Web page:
The New Enemies:
The other element of the game that really hampers enjoyment would be the new enemy type. The heavily armored Super Soldiers appear very briefly in New Order, but they're a regularly encountered enemy in this. They're a neat stealth-gimmick in the first level when you're unarmed, but later on when they're patrolling, they make a non-stealth approach basically suicide. They're usually patrolling an area with commanders about, so encountering them directly is mostly just a great way to die as they must first be shot near the head until they collapse, special melee'd to break off their chest, and then shot in the chest until they explode. Given the giant gattling gun they carry which can easily mince you, they're really best saved until last. The prevalence of Super Soldiers really makes the stealth approach the only viable one in most situations, especially in the late game, which is why I believe Old Blood was designed as a whole with a stealthy approach in mind and it's not just a case of me being dumb and doing it in a not fun way :P . The game just isn't designed around its strengths, and it really suffers for it.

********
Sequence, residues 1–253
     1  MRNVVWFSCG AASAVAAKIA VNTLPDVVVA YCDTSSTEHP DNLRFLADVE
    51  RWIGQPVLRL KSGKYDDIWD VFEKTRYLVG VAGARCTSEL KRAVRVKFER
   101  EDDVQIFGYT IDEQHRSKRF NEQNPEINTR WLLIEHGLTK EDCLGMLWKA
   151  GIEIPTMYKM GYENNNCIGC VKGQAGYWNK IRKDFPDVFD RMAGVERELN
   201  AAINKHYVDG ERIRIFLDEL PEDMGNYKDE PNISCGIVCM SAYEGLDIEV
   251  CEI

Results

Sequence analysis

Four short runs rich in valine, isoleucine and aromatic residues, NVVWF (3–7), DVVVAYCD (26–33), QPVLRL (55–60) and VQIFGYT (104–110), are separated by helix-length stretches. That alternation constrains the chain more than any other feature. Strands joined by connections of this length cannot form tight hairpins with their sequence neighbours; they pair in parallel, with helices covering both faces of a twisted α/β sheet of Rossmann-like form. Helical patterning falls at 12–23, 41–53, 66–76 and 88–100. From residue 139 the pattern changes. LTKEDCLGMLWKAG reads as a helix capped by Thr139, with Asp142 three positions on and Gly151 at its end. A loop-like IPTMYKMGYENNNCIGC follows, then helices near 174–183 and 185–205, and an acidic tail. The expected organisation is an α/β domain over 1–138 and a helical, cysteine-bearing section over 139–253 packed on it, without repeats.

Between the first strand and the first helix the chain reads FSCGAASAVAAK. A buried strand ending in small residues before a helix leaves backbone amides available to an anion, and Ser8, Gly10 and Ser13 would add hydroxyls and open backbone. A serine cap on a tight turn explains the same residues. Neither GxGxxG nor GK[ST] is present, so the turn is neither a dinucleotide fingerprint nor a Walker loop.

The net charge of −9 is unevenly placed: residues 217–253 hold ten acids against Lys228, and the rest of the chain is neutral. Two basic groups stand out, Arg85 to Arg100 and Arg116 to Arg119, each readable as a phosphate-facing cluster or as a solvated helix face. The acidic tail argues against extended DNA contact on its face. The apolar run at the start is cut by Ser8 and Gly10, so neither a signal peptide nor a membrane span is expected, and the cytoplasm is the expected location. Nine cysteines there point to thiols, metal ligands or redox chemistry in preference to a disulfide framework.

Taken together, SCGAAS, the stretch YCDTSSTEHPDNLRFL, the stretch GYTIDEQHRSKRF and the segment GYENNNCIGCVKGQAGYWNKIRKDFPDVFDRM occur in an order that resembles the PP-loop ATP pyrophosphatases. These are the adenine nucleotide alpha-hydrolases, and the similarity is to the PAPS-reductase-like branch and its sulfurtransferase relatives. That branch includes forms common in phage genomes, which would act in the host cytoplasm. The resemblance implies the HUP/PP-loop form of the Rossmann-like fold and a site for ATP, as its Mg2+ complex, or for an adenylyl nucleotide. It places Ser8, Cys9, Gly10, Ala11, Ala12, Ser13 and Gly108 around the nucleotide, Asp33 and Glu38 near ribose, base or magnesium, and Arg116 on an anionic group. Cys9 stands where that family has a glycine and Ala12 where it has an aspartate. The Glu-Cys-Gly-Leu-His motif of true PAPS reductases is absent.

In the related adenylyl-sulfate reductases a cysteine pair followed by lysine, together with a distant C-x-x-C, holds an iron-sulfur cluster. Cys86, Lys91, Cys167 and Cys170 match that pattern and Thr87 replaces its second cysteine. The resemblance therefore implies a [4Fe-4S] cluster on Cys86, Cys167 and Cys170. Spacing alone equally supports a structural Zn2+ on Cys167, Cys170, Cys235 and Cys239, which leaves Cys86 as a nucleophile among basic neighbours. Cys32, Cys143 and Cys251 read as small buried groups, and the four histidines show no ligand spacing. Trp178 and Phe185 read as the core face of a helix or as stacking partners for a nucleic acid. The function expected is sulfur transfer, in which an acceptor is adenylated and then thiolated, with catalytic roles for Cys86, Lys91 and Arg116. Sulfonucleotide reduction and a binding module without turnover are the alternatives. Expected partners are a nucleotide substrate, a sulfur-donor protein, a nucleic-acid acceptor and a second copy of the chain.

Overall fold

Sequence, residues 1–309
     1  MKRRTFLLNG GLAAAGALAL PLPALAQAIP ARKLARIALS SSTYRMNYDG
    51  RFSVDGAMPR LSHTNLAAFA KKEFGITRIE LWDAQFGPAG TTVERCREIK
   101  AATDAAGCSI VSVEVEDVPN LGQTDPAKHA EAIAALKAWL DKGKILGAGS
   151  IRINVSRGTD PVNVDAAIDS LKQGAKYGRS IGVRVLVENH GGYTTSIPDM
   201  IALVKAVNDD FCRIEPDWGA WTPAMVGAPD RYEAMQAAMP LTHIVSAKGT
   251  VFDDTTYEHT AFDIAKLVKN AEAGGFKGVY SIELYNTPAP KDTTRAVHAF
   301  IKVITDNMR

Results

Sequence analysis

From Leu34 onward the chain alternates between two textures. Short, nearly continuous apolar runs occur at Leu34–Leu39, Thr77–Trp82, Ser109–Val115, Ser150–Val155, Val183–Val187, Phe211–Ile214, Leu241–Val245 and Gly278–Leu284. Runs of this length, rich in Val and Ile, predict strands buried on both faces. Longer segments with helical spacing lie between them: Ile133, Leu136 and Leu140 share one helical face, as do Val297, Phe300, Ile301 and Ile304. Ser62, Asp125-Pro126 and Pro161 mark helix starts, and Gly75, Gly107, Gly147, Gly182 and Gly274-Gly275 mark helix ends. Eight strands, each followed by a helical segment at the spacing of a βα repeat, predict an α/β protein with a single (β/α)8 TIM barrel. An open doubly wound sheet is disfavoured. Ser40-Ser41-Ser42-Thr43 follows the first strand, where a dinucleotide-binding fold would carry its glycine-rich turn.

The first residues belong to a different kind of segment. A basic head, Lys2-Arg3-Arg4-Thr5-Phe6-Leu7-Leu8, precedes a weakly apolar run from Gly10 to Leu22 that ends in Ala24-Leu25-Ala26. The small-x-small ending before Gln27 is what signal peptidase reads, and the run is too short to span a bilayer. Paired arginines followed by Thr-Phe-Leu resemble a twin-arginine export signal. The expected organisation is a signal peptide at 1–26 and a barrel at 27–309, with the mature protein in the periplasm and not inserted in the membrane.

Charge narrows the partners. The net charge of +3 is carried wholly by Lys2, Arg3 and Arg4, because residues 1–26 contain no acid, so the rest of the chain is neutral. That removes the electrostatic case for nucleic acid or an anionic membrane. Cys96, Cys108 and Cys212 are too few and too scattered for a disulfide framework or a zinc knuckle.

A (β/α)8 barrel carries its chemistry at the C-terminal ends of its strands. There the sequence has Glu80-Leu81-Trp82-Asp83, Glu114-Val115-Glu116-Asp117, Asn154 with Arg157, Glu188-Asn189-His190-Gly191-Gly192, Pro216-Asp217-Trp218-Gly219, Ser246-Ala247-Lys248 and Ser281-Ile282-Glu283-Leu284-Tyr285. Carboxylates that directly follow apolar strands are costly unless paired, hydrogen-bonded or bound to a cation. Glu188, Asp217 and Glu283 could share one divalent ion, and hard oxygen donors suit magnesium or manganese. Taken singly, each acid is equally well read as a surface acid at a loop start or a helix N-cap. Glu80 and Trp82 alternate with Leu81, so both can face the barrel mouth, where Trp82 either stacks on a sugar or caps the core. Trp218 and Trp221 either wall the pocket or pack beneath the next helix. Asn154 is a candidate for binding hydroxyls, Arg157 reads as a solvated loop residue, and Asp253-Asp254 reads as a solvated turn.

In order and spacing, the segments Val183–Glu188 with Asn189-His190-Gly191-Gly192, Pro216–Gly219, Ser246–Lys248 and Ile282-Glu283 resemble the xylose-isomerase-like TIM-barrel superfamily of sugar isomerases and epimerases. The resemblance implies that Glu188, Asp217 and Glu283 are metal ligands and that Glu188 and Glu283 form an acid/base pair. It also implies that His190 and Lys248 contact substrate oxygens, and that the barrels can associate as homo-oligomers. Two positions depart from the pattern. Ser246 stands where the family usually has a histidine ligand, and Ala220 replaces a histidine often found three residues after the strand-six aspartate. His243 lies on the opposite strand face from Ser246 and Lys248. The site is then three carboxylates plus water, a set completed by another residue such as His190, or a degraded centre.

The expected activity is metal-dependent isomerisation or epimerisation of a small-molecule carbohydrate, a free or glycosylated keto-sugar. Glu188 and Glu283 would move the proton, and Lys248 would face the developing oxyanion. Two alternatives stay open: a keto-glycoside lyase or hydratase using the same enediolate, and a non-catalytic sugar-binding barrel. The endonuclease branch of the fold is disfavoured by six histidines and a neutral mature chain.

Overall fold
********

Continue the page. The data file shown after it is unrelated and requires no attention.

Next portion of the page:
The other new enemy type is zombies, which while neat the first time are just so generally non-threatening that they REALLY feel like a gimmick. A quick shot with any gun to the head will kill them, and they never really appear in great enough numbers to pose any kind of threat worth taking seriously like the Nazis with guns are. Zombies occasionally have guns, but they move so much more slowly and aim so badly that they're only slightly more lethal than the normal unarmed ones. The zombies being so nonthreatening but only appearing mostly in the second half of the game is why the first 4 chapters took me